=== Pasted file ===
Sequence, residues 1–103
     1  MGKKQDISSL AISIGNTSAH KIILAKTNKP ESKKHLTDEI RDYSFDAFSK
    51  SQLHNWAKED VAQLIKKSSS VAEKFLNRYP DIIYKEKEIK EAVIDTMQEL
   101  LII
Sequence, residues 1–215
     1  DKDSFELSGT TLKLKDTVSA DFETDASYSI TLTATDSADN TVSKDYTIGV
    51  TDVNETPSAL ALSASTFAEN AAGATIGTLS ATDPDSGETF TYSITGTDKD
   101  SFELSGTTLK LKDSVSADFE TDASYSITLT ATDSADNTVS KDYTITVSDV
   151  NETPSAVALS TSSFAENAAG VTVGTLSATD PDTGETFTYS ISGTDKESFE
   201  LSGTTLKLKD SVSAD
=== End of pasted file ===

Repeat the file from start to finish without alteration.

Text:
Sequence, residues 1–103
     1  MGKKQDISSL AISIGNTSAH KIILAKTNKP ESKKHLTDEI RDYSFDAFSK
    51  SQLHNWAKED VAQLIKKSSS VAEKFLNRYP DIIYKEKEIK EAVIDTMQEL
   101  LII
Sequence, residues 1–215
     1  DKDSFELSGT TLKLKDTVSA DFETDASYSI TLTATDSADN TVSKDYTIGV
    51  TDVNETPSAL ALSASTFAEN AAGATIGTLS ATDPDSGETF TYSITGTDKD
   101  SFELSGTTLK LKDSVSADFE TDASYSITLT ATDSADNTVS KDYTITVSDV
   151  NETPSAVALS TSSFAENAAG VTVGTLSATD PDTGETFTYS ISGTDKESFE
   201  LSGTTLKLKD SVSAD